You can ask FE to display tags for all aircraft on the display. However, unless you're zoomed in fairly tightly (or have a very high-resolution display), there may be so many aircraft on the screen that the tags may start to overlap and become difficult to read. If this occurs, you also have the option of enabling tags only on certain individual aircraft of interest, or (using filters) on specified groups of aircraft (e.g., all Learjets above FL350, or all UPS flights bound for Louisville).
This defines a "quick filter" that displays
all FedEx aircraft bound for Memphis
in magenta. It can be combined with
other filters (up to 50 may be active).
By default, FE displays all tracked aircraft in the geographic area that you're viewing. Filters permit you to limit the display to some particular group of aircraft that may be of interest, or to highlight a group of aircraft by displaying them in a special color or identifying them with a tag.
The simplest way to create a filter is by clicking on the "Quick Filter" button on the FE toolbar. This brings up a dialog box that prompts you to define the group of aircraft you're interested in by specifying one or more of the following filter criteria:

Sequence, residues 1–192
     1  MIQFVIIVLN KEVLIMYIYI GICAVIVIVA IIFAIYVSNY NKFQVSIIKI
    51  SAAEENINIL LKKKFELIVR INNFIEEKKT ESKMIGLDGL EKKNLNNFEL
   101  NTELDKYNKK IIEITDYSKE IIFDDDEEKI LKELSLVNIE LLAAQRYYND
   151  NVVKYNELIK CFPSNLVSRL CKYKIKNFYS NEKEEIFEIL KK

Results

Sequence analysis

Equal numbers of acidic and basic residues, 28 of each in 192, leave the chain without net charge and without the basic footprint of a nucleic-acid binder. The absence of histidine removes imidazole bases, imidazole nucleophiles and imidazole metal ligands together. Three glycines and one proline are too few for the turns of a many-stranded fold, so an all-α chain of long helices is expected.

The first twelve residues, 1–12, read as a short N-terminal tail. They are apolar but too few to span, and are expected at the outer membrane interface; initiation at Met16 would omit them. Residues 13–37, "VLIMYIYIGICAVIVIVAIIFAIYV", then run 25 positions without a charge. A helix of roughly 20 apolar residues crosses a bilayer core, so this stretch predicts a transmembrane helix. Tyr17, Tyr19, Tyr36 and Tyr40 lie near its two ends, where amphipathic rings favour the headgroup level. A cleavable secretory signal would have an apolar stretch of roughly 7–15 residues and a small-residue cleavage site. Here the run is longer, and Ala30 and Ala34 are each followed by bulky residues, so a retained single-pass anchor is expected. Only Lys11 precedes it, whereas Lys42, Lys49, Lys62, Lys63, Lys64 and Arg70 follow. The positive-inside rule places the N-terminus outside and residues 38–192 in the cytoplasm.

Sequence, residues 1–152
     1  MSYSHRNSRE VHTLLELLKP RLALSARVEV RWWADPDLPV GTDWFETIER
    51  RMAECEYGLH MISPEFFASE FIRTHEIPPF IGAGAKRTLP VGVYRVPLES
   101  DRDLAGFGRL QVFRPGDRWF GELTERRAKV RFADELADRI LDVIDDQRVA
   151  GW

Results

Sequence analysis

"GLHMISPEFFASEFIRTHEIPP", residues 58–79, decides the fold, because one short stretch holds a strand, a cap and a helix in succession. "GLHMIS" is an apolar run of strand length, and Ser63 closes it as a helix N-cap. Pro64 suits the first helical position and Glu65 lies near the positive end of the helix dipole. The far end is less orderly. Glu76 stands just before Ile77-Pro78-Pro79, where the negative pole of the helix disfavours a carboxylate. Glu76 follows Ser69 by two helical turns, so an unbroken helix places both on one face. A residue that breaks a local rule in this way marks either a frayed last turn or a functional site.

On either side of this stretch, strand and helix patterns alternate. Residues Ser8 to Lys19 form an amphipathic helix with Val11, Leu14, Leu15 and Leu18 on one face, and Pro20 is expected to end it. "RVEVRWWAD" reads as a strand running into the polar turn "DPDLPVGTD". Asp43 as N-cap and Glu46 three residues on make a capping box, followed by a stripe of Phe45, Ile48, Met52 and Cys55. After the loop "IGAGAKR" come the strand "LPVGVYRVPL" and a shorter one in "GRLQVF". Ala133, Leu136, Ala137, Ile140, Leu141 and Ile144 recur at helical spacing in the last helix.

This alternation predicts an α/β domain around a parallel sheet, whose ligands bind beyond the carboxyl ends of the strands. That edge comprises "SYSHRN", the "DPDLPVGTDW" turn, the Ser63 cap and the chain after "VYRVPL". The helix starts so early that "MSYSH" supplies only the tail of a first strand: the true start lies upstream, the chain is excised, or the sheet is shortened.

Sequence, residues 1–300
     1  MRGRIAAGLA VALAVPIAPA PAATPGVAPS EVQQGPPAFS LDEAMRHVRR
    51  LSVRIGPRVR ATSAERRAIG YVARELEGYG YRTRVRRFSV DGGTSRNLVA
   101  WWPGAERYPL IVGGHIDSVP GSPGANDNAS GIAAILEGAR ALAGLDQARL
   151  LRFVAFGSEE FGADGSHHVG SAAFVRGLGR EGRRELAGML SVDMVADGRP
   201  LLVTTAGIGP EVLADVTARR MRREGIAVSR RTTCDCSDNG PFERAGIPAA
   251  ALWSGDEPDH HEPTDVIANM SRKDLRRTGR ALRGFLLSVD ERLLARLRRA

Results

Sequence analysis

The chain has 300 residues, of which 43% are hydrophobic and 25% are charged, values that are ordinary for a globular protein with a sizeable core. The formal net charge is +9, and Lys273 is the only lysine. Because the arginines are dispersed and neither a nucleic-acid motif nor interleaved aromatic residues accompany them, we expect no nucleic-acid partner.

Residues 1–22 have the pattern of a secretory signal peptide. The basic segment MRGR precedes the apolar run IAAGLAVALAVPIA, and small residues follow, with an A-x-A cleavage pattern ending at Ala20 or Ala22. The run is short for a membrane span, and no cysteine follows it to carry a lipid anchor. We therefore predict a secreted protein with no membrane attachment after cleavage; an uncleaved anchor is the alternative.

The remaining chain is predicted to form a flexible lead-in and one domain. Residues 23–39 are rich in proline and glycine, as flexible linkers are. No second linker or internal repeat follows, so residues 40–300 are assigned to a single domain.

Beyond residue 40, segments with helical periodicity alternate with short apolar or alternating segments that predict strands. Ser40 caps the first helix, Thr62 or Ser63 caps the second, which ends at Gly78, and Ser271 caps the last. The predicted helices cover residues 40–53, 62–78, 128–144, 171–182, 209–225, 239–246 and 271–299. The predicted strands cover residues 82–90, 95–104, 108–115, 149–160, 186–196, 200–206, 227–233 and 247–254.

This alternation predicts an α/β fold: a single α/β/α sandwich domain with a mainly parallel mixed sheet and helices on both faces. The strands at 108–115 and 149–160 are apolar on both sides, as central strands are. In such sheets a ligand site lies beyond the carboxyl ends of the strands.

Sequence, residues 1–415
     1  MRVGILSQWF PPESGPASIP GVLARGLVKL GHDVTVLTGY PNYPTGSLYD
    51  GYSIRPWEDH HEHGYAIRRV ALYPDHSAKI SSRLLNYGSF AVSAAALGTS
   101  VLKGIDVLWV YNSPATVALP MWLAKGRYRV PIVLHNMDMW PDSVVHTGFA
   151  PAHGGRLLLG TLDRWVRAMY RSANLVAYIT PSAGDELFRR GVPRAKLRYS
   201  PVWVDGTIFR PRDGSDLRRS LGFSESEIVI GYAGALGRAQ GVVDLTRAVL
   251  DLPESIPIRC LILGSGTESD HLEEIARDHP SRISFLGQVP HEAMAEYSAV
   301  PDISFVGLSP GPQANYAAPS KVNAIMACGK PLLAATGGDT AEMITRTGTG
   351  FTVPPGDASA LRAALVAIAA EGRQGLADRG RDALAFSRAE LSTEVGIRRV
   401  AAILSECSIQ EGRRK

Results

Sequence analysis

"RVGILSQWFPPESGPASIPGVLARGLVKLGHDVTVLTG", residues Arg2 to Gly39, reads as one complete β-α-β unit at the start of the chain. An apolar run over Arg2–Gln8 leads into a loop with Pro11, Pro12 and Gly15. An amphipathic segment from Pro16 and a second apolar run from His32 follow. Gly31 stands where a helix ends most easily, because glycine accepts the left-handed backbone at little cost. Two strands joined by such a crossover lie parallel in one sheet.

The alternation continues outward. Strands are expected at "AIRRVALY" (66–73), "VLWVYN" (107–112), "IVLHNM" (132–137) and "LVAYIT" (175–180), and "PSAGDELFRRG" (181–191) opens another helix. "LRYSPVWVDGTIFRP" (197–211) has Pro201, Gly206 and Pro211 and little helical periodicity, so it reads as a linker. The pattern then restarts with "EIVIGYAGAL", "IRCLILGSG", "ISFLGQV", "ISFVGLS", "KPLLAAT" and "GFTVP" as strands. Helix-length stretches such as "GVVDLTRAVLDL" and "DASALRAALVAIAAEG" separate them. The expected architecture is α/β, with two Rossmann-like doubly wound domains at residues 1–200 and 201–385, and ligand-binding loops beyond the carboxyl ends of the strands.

The Quick Filter dialog also allows you to specify the color used to display aircraft that are selected by this filter.
Once youve defined the filter criteria and display color, you may activate the filter by clicking on either of two buttons:
Here's a fancy filter that color-codes LAX arrivals
by altitude, and adds tags to those below 10,000 feet.
The possibilities are endless.
Quick Filters handle the most common filtering requirements, but if you really want to get fancy, you can used the Advanced Filters screen to exercise even greater control over the filtering process. With this capability, you can:
As you can see, FE filters are incredibly powerful and flexible. Once you get the hang of using them, the possibilities are limited only by your imagination.
You can save your favorite FE displays as
user-defined "views" and then call them
up at will with just two mouse clicks.
The ability to define "views" is one of the most powerful features of FE. Once you've customized a FE display just the way you want it zoomed in to exactly the area you want to watch, overlaid with exactly the map items you want, and aircraft filtered and tagged the way you want them you can save all these settings by clicking on the Create View button on the FE toolbar and then giving the view a name (e.g., "DFW arrivals/departures").